• Blogs have praised Al-Jazeera’s reporting on the Egyptian protests. (1, 2, 3)
    • Wired’s Epicenter reported that Al Jazeera is offering free news on Egypt to other networks.
  • Analysis:
    • NPR’s The Two-Way blog suggested that the most important thing to watch is the actions of the military.  While they were warmly received by protesters, they still report to Mubarak.
    • Wired’s Threat Level analyzes the ease with which Egypt was able to deny Internet service, despite a fairly developed Internet infrastructure.
    • Reuter’s Great Debate blog posted a post title “If Egypt falls, Syria must follow.”
    • Babylon and Beyond posted an analysis of the general conditions surrounding the protests and why Tunisia is serving as a model for Egypt and other nations.
    • A post on Newsweek questions the resolve of Tunisian and Egyptian protesters, noting that Tunisians have only gone “half-way” and pro-democracy advocates should not jump to conclusions.


  • The NYT’s developed an interactive map with locations of the protests.
  • The Arabic News Network for Human Rights Information is crowdsourcing information from the protests.


  • Fars News Agency and Iranian Labour News Agency reported that protesters continued to call for Mubarak’s resignation Saturday after his cabinet resigned.
  • Iranian Labour News Agency reported on continued protests in Tahrir square in Cairo as well as the port city of Ismailiya east of Cairo.
  • Islamic Republic of Iran Broadcasting cited Egyptian sources saying that 100 people have died and 2,000 have been injured in protesting the past two days.
  • Islamic Republic of Iran Broadcasting published a Reuter’s Q+A piece on what to expect in Egypt.
    • While the protests might have gotten underway from educated middle class Egyptians, the poor have become involved as they largely depend on state subsidies for food.
  • Islamic Republic News Agency spoke with Middle East expert, Fazel Feizi, about Egypt.
    • Regarding the resignation of the cabinet: “The measure taken by President Mubarak may be effective in the short-term, but it cannot satisfy the people of Egypt.”
    • Feizi said that the protests were not just about unemployment, but were related to political and other societal issues in the country.
  • PressTV reported on protesters’ attempt to break into the Interior Ministry.
    • El Baradei said that protests would continue until Mubarak steps down, while the Muslim Brotherhood called on a peaceful transfer of power.
    • World public opinion is on the side of the Egyptian protesters as demonstrations have sprung up internationally in Japan, Saudi Arabia, Germany, Greece, France, Turkey and the US.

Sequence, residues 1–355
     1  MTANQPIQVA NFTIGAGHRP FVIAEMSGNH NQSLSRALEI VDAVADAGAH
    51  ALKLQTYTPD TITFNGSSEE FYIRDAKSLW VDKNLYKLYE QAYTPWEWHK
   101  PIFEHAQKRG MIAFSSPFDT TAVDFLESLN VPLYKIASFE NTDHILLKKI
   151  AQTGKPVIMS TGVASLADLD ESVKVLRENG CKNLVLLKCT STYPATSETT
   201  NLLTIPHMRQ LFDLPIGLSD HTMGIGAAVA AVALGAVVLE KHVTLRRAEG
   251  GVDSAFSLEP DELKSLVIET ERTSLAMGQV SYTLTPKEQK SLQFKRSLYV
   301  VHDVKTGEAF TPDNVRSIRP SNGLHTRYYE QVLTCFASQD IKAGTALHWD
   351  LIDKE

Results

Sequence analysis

• US VP Biden said that it was not time for Mubarak to resign.
      • Meanwhile al-Akhbar journalist, Omar Nashabi, said that the US supported dictatorships across the Arab world.
      • Middle East expert, Azzam Tamimi, said that the US and the West have not learned the lessons from the Tunisian revolution. He predicted that similar revolutions would spread to Saudi Arabia, Jordan, Yemen and other Arab nations.


  • Editor-in-Chief of Asharq Al-Awsat, Tariq Alhomayed, said that all Egyptians, and Arabs, are correct in demanding social, economic and political opportunities, just not through the use of violence.
    • “We must not burn our own countries to the ground, or destroy what we have gained. We must not increase our losses or deepen our wounds. Our nations are our own; we must protect them, regardless of our demands, or our anger.”
    • Alhomayed also pointed to hypocrisies made by the US, Britain and France regarding policies in Egypt and Tunisia.
      • “Washington’s hypocrisy can be seen in its concern with regards to the demonstrations in Egypt, whilst doing nothing to stop the injustice suffered by the Palestinians at the hands of the Israelis.”
      • He said it is interesting for Britain to comment on the situation when it responded fiercely during its students’ protest.
      • “Paris intercepted a shipment of anti-riot equipment that was being sent to the Ben Ali regime [before its collapsed].”
  • The Gulf News carried an opinion piece in the British Guardian that said while sites like Facebook and Twitter were influential in creating the current dissent in the country, it was the 2008 textile worker demonstration in the Nile Delta town of Mahalla Al Kubra that inspired those on the streets today.
  • Arab dailies generally cited international wire sources in their coverage. (AFP, AP, Reuters, AFP)


Enhanced by Zemanta

{ 1 comment… read it below or add one }

google adwords tool August 27, 2014 at 8:32 am

What you said was very logical. But, think about this, suppose you added a little content?
I ain’t saying your content isn’t good., however suppose
you added a post title that makes people desire more?
I mean Roundup of Egypt Media & Social Media Coverage – 29
Jan 2011 | The Rendon Group is kinda vanilla.
You ought to look at Yahoo’s home page and see how they create article
headlines to get viewers interested. You might add a video or a related pic or two to grab people interested about everything’ve written. Just my opinion, it could make your posts a little bit more interesting.


Leave a Comment

{ 1 trackback }